Working off the momentum of Breathless and the then-unreleased Le Petit Soldat, Jean-Luc Godard plunged into what's arguably his most frivolous film, the quasi-radical 1961 pastiche A Woman Is A Woman. Pitched as "a neorealist musical… a contradiction in terms," the film stars Anna Karina as a stripper who wants to be impregnated immediately, by either her live-in boyfriend Jean-Claude Brialy or their mutual friend Jean-Paul Belmondo. The story goes nowhere and the dialogue is mostly improvised, but A Woman Is A Woman conducts a clinic in the potential of post-production. On-set and off, Godard seems intent on breaking as many rules as he can, just because he can.
Godard draws on a lush Michel Legrand score, then chops it into pieces, slipping fragments between lines of dialogue as though the dialogue consisted of song lyrics. In one scene, Godard drops all sound from the soundtrack except for the dialogue track and traffic noise; in another, he uses an innocuous conversation between two women as accompaniment for unrelated (but gorgeous) documentary footage of Paris street life. Characters address the camera directly, make references to other films by Godard and his New Wave compatriot François Truffaut, and have casual discussions about artistic principles and dramatic construction, occasionally against a background of spinning circles that look like film reels. Karina changes clothes in the space of a single edit, stops the film to listen to a Charles Aznavour song, and, in the most memorable scene, carries on an argument without talking, by holding up a series of book jackets that say what she means.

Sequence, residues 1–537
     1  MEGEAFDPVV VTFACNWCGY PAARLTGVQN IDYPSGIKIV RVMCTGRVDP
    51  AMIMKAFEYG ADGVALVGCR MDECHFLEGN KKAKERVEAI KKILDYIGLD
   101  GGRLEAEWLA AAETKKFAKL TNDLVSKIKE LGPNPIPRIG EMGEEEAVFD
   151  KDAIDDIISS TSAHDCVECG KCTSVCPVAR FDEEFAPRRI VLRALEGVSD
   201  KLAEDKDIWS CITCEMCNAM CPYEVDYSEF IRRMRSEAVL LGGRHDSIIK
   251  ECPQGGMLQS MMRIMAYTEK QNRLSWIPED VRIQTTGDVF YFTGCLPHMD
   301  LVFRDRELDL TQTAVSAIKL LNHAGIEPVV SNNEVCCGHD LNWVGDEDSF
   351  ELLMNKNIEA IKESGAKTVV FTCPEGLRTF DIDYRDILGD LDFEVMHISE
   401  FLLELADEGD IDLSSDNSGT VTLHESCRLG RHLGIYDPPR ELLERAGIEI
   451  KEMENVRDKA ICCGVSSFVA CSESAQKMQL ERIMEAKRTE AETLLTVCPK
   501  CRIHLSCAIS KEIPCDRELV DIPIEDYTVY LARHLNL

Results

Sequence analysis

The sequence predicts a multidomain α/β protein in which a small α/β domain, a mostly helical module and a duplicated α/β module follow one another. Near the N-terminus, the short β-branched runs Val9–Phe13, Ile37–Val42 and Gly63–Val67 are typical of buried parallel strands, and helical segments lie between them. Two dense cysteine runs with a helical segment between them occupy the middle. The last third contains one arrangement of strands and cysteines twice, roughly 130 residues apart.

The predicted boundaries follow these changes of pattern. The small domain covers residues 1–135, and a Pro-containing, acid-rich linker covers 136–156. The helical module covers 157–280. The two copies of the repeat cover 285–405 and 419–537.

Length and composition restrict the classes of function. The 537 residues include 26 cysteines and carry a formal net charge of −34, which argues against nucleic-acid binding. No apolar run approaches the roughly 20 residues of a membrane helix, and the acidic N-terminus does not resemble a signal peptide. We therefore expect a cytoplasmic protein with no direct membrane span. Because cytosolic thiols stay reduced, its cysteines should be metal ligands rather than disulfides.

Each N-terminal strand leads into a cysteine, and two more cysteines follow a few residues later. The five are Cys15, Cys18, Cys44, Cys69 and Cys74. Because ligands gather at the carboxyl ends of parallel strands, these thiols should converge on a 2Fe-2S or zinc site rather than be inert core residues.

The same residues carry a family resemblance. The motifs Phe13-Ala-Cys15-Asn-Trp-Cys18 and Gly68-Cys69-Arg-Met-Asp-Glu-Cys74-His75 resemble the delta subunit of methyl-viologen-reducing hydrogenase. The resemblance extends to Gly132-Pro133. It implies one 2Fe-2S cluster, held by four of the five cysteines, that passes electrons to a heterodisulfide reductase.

There are diminishing returns to all this goofing around, as A Woman Is A Woman eventually devolves into scene after scene of Karina's vain pouting. But the wild, why-the-hell-not experimentation is mostly invigorating, and suffused with a puckish wit that Godard only sprinkled across his subsequent work. A Woman Is A Woman plays like the product of a man still drunk on cinema, showing off his encyclopedic knowledge of the form by betraying all of its principles. Godard translates his own perception of life as one long movie, complete with sudden music cues, random pans, and dramatically frozen moments. Now as then, A Woman Is A Woman isn't a new way of seeing cinema, but a new way of seeing everything.